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Hoffmann, R. A wiki for the life sciences where authorship matters. Nature Genetics (2008)
 
 
 
 
 

Atypical parakeratosis: a marker of dysplasia?

The Bethesda System categorizes atypical parakeratosis (APK) as "ASCUS or SIL depending on the degree of cellular abnormalities." APK, however, is not well-defined. We retrospectively reviewed 68 cervicovaginal specimens with follow-up material to identify specific criteria and clinical significance of APK. APK cells were small cells, 2-3 times the diameter of neutrophil, with dense, orangeophilic cytoplasm, high nuclear cytoplasmic ratio, dense, often uneven chromatin, and irregular nuclear contour. Of 62 cases with APK, 37 had accompanying dysplastic cells. Of 25 cases with APK alone, follow-up revealed 12 with squamous intraepithelial lesion (5 HSIL and 7 LSIL) and 13 with benign changes. A major diagnostic pitfall of APK was inflammation with degeneration. Abundant APK cells, minimal inflammation and degeneration, and previous history of dysplasia frequently were associated with follow-up SIL. The findings of this study identify APK as an important marker for dysplasia that warrants careful evaluation and follow-up.[1]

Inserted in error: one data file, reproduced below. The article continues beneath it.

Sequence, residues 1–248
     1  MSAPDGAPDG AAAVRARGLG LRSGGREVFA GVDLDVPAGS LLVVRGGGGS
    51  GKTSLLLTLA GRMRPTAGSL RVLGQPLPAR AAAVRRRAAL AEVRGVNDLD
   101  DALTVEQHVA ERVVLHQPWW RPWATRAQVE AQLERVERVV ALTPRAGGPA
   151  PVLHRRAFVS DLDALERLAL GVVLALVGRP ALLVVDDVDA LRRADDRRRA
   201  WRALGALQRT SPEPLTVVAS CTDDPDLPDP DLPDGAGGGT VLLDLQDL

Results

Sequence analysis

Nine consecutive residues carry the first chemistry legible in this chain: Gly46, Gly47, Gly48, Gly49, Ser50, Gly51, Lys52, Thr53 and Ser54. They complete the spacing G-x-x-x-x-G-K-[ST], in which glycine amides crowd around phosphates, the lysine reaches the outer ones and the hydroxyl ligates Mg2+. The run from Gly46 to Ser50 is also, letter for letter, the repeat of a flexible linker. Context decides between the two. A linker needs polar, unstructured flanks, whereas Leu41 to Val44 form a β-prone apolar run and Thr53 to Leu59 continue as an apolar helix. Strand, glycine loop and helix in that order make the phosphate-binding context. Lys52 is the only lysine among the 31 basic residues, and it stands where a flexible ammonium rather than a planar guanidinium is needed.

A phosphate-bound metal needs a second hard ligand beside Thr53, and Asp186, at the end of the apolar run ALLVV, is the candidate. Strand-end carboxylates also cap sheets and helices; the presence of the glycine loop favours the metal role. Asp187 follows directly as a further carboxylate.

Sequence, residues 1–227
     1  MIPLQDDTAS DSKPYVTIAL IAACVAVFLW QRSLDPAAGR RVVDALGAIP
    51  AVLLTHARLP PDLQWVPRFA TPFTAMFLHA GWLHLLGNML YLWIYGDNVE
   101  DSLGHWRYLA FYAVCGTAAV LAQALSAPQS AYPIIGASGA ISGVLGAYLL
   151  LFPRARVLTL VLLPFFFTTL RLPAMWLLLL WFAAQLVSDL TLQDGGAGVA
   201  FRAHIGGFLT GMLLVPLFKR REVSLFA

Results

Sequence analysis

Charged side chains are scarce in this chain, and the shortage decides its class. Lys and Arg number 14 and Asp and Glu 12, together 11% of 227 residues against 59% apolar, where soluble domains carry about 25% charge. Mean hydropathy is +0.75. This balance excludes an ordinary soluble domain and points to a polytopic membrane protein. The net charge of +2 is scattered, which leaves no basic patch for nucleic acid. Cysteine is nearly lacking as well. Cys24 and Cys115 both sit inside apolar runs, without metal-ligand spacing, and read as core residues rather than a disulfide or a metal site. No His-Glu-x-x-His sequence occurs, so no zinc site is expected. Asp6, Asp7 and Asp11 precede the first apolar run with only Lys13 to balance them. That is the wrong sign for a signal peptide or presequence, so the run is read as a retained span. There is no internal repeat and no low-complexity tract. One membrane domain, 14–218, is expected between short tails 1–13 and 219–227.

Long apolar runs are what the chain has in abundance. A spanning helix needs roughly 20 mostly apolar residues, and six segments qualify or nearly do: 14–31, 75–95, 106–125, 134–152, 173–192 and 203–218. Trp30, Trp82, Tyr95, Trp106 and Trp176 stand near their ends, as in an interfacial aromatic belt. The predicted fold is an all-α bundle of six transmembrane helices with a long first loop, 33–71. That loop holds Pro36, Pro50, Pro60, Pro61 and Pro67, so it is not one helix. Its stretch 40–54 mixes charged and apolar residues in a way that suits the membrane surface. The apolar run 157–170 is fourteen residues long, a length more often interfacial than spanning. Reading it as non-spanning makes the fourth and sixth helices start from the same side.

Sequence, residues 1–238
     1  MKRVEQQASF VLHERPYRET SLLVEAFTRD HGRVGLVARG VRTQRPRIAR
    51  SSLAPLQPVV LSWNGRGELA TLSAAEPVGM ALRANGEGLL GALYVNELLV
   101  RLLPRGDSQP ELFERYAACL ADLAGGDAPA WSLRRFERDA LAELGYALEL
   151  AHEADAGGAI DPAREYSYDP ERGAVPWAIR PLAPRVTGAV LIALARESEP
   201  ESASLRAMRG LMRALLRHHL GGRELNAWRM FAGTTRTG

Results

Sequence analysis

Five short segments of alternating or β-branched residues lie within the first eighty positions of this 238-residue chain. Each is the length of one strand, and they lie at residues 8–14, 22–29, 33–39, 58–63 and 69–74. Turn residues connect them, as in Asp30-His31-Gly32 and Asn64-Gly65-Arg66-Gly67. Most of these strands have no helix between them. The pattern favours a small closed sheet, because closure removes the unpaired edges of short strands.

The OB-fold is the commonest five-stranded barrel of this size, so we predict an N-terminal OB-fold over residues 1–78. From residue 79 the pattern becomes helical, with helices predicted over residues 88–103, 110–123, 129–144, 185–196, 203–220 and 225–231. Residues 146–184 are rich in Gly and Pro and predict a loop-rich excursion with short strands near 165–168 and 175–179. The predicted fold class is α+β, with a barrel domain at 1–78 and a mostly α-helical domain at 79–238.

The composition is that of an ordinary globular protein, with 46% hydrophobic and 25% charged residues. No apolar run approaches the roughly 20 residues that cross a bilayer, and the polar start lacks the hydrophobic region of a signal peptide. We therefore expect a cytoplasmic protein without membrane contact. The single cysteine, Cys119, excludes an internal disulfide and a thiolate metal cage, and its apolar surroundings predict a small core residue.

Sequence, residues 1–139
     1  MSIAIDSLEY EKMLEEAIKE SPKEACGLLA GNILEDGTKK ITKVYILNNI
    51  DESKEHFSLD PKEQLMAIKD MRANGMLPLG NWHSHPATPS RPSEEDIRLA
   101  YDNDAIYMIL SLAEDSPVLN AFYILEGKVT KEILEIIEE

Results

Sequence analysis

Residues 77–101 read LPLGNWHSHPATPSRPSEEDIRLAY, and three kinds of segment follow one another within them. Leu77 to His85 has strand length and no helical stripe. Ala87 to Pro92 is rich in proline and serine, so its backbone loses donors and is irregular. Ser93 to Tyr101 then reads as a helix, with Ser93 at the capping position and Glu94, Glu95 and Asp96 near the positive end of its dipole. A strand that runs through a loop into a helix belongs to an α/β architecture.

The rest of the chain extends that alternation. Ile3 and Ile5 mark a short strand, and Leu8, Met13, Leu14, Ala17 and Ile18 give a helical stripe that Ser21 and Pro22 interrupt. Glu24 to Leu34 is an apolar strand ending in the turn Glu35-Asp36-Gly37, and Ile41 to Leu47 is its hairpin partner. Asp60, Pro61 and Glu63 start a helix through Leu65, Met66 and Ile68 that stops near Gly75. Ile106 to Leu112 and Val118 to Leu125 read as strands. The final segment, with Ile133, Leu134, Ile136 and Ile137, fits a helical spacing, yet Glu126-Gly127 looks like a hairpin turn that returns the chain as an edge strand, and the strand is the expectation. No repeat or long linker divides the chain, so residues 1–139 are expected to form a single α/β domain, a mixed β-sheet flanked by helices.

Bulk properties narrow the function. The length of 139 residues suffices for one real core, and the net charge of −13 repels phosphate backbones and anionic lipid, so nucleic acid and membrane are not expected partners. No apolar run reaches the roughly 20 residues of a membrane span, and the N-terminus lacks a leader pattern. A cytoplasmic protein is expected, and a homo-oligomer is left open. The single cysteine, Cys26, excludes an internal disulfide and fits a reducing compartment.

References

  1. Atypical parakeratosis: a marker of dysplasia? Voytek, T.M., Kannan, V., Kline, T.S. Diagn. Cytopathol. (1996) [Pubmed]
 
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